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SAVE: The New Saving on a Valuable Education Repayment Plan

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Saving on a Valuable Education (SAVE) is a new income-driven repayment plan with several especially generous features. But while some perks of the SAVE student loan plan won’t be available until next year, you can sign up for it now.

But should you? Let’s take a look at what you need to know, from key benefits to how to apply.

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What is the Saving on a Valuable Education (SAVE) plan?

The Saving on a Valuable Education (SAVE) plan is a new income-driven repayment plan for federal student loan borrowers. It was introduced by the U.S. Department of Education in 2023 as a replacement for the Revised Pay As You Earn (REPAYE) plan.

Like other income-driven repayment plans (IDRs), the SAVE plan calculates your monthly payment based on your income and family size. With these plans, your payment amount is typically equal to a (hopefully affordable) percentage of your discretionary income.

The SAVE plan’s standout feature is that it cuts that percentage in half, drastically reducing the amount you’re required to pay each month.

If you’re currently on a REPAYE plan, you’ll automatically be enrolled in SAVE and will begin to receive its unique benefits once they go into effect. However, borrowers on other plans will need to apply for SAVE in order to become enrolled in the new plan. (More on that below.)

How does the SAVE repayment plan work?

As mentioned above, the SAVE plan has several standout features that make it more generous than other IDRs available.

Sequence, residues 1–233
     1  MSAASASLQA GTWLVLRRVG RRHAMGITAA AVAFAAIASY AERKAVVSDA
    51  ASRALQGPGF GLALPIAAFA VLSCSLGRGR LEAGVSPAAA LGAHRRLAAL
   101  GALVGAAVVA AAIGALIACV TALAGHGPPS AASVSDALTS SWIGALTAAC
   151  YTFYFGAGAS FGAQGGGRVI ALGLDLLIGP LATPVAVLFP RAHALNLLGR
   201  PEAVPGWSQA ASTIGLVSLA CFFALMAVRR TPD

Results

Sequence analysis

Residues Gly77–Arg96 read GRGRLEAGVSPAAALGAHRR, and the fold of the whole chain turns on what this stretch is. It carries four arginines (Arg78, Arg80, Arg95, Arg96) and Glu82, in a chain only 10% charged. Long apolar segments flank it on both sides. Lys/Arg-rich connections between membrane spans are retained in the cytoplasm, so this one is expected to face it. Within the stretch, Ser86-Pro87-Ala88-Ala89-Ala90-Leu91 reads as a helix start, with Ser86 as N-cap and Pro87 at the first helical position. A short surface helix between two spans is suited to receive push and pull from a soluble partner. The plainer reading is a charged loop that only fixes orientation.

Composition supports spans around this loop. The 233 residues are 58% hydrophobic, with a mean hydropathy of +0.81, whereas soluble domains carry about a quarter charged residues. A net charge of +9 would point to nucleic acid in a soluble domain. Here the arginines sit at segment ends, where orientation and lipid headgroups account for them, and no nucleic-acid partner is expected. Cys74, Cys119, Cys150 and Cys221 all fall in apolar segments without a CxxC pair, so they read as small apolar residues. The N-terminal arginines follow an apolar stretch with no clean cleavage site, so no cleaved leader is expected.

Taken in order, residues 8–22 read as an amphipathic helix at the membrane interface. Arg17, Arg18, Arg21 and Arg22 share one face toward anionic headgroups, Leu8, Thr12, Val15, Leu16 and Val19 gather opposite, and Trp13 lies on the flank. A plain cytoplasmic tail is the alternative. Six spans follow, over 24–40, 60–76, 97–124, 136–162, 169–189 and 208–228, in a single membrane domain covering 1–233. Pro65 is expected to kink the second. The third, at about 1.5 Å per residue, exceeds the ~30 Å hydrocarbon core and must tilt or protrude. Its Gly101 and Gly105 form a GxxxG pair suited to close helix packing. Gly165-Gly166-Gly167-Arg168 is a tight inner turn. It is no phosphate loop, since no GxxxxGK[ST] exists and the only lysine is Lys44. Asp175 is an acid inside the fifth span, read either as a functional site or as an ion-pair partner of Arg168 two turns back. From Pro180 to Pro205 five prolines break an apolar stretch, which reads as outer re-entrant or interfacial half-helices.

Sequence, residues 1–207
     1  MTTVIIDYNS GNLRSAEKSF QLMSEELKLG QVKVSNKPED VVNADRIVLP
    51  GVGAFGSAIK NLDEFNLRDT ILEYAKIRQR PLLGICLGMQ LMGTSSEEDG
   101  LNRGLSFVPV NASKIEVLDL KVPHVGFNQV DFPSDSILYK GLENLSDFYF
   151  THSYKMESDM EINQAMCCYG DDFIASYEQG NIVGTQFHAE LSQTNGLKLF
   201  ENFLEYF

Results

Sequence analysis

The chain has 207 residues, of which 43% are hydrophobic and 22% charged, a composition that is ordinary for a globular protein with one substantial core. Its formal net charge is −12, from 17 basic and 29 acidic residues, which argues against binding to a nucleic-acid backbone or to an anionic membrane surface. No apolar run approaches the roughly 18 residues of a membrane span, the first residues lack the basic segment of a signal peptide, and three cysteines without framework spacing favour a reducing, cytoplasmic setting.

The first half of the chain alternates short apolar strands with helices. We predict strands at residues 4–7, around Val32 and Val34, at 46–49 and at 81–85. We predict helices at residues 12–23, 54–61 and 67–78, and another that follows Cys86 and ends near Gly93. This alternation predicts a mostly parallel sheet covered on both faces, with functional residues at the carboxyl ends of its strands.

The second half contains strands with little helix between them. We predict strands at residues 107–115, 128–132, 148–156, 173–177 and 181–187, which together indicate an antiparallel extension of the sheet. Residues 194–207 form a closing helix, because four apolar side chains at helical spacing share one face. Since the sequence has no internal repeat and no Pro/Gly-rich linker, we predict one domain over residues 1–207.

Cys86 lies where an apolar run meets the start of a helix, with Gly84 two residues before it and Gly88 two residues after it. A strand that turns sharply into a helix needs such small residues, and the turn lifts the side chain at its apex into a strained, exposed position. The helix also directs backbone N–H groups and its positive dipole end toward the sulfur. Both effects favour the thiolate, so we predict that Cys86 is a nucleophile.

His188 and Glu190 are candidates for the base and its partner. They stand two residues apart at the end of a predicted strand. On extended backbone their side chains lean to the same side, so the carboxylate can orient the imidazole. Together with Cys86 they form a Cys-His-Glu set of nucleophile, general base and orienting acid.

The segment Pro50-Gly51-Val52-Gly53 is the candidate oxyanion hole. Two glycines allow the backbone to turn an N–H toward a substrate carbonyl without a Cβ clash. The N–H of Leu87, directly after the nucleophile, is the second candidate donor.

Here’s an overview of what you can expect if you choose to enroll — still, keep in mind that not all of these benefits will go into effect right away. Some took place in July and August of 2023, while others won’t become effective until July 2024.

Key Features of the SAVE Plan

FeatureWhat it Means for Borrowers
Effective Date: Summer 2023
  • SAVE increases the amount of your income that won’t count when calculating payments. The exemption will be 225% of your state’s poverty line, compared to 150% for REPAYE.
  • If your household income falls below 225% of the federal poverty guidelines (roughly, $15 per hour) you may qualify for a $0 monthly payment on your student loans.
  • So long as you make your monthly payments, no unpaid interest will ever be added to your total loan amount (in other words, no capitalized interest under SAVE).
  • As long as you make your monthly payment, your loan balance won’t grow because of unpaid interest.
  • Spousal income is excluded for borrowers who are married and filing separately.
  • If you’re married and file taxes separately from your spouse, they no longer need to cosign your IDR application.
  • The SAVE plan integrates with the IRS tax filing system and can perform automatic recertification for income and family size.
  • When you enroll, you can choose to have the IRS automatically share information about your income and family size, which means you’ll no longer need to manually provide this information each year.
  • The IDR application has been redesigned.
  • It should allow you to apply in 10 minutes or less.
Effective Date: July 2024
  • Expected payment amounts will be reduced.
  • If you have undergraduate loans, you’ll pay just 5% of your discretionary income (compared to 10% on other IDR plans.) Those graduate school loans will pay 10%, while those with a mix of the two will pay a weighted average. 
  • Borrowers with principal balances of $12,000 or less on undergraduate loans will have their balance forgiven after 10 years of payments. Those with larger balances will require an extra year of payments for each additional $1,000 borrowed, up to 20 years (undergrad) or 25 years (graduate).
  • If you originally took out less than $12,000 in student loans as an undergrad, your remaining balance will be forgiven after you make 10 years of payments. Graduate student loans, however, will take 25 years for forgiveness.
  • If you choose to consolidate your loans, you’ll receive credit for a weighted average of the payments you’ve made that count towards forgiveness.
  • If you’ve deferred your loans or had them in forbearance, a portion of that period of time may still count toward forgiveness. You may also have the option to make additional “catch-up” payments in order to receive credit for the full period.